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Antique Pearl & Gold Nose Ring, India, 19th century

A modern opal bracelet
Australia is now the number one supplier of opals in the world. Opals had already been mined in Europe and South America for many years prior, but in the late 19th century, the Australian opal market became predominant. Australian opals are only mined in a few select places around the country, making it one of the most profitable stones in the Pacific.[50]
The New Zealand Maori traditionally had a strong culture of personal adornment,[51] most famously the hei-tiki. Hei-tikis are traditionally carved by hand from bone, nephrite, or bowenite.
Nowadays a wide range of such traditionally inspired items such as bone carved pendants based on traditional fishhooks hei matau and other greenstone jewellery are popular with young New Zealanders of all backgrounds – for whom they relate to a generalized sense of New Zealand identity. These trends have contributed towards a worldwide interest in traditional Maori culture and arts.
Other than jewellery created through Maori influence, modern jewellery in New Zealand is multicultural and varied.[49]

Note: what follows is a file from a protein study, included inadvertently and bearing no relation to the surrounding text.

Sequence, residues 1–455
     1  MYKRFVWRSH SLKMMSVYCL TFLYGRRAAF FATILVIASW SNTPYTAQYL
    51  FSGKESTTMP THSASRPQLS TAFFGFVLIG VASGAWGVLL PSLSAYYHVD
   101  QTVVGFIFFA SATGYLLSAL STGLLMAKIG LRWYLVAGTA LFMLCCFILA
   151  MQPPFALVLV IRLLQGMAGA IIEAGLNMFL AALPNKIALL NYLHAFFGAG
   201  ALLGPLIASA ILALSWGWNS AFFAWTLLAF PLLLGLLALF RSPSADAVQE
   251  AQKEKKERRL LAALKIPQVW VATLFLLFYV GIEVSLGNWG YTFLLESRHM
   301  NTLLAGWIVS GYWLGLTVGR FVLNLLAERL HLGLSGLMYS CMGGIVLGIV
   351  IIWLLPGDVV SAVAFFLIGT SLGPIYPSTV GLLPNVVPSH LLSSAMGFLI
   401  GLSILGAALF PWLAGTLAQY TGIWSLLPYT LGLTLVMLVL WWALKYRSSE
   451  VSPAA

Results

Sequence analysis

Modern

Jewellery had great status with India’s royalty; it was so powerful that they established laws, limiting wearing of jewellery to royalty. Only royalty and a few others to whom they granted permission could wear gold ornaments on their feet. This would normally be considered breaking the appreciation of the sacred metals. Even though the majority of the Indian population wore jewellery, Maharajas and people related to royalty had a deeper connection with jewellery. The Maharaja’s role was so important that the Hindu philosophers identified him as central to the smooth working of the world. He was considered as a divine being, a deity in human form, whose duty was to uphold and protect dharma, the moral order of the universe.[43]


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